# Every cover covers sets with $\mathrm{diam}(A) < \lambda$ [duplicate]

Possible Duplicate:
Proof of the Lebesgue number lemma

Let $(X, d)$ be a metric space and $K \subset X$ a compact set.

Now I have to show that for all open covers $\mathcal U$, there is an $\lambda > 0$ so that for every subset $A \subset K$ with $\mathrm{diam}(A) < \lambda$ there is an $U \in \mathcal U$ so that $A \subset U$.

If I picture the set $K$ as a closed interval on the real numbers, I can imagine why this works. Since every open cover composed of several $U$ will overlap (since they are open). And if I take $\lambda$ to be the smallest overlap, any set that is that small will always be completely in either one of the two sets that overlap.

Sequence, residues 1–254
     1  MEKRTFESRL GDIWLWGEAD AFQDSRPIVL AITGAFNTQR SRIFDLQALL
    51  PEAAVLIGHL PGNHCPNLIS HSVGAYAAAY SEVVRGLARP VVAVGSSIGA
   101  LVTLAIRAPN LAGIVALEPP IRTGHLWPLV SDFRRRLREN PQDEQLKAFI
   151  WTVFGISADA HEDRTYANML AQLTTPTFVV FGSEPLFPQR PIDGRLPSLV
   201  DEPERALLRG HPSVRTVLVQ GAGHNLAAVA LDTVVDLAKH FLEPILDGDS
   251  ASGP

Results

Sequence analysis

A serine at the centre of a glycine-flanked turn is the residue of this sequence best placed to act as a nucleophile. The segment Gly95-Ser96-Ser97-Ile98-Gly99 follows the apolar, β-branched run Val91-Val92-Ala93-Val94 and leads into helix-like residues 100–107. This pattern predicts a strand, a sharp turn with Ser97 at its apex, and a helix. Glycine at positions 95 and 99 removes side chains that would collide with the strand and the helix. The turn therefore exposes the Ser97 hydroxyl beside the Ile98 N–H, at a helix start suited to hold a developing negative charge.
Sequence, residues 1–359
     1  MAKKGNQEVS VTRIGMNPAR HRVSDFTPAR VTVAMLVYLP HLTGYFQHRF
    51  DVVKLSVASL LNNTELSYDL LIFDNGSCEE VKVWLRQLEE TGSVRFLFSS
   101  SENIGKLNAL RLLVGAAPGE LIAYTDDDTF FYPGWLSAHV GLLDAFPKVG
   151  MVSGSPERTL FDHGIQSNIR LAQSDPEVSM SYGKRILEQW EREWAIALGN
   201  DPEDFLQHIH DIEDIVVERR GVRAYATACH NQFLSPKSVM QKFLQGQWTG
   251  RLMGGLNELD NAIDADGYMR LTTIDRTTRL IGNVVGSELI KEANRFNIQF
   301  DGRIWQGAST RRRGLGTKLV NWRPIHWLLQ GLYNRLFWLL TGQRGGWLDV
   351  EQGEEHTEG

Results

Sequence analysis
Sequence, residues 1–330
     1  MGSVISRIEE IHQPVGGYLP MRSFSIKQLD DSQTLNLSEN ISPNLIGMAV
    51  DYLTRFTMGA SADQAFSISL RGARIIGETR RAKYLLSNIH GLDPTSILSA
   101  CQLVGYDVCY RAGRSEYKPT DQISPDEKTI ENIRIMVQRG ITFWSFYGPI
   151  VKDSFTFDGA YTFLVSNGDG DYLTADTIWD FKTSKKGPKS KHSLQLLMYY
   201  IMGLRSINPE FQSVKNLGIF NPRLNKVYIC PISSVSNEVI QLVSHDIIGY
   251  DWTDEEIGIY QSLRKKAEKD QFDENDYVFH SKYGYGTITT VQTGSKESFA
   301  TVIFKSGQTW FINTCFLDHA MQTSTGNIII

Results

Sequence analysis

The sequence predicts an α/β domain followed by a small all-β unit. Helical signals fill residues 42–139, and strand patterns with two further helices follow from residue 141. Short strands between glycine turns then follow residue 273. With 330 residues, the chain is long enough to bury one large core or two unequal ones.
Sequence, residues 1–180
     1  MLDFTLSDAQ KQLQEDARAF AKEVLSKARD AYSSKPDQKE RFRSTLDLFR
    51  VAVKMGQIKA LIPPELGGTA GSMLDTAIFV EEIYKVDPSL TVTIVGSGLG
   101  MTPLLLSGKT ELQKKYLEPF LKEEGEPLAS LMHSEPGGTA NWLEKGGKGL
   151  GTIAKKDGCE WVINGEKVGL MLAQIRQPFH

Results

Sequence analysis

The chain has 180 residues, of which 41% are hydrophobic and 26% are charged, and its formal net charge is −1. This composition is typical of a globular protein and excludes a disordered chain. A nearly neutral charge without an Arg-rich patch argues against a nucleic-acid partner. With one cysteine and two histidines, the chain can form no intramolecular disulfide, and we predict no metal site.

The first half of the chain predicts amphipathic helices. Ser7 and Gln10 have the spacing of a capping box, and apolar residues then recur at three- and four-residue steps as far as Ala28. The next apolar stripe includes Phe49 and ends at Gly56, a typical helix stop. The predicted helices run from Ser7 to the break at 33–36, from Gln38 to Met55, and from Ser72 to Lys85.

But how can I show that generally?

• We defined “compact” as: For every family of open covers, you can take a finite number of patches that still cover the whole set.

• Duplicate

## marked as duplicate by Rudy the Reindeer, t.b., robjohn♦, Davide Giraudo, Henning MakholmApr 23 '12 at 20:33

Let $O_1,\ldots,O_N\in \mathcal U$ such that $K\subset \bigcup_{j=1}^NO_j$. Then define $f_j(x):=\inf\{d(x,y),y\in \complement O_j\}$. Then $f_j$ is continuous, and so is $f\colon x\mapsto \max_{1\leq j\leq N}f_j(x)$. Since $O_J^c$ is closed and $f>0$ for all $x$, we can find $\alpha>0$ such that $f(x)\geq \alpha$ for each $x\in K$.
Now, if $x\in X$, then $f(x)=f_j(x)$ for some $j$, so $d(x,O_j^c)\geq\alpha$ and $B(x,\alpha)\subset O_j$.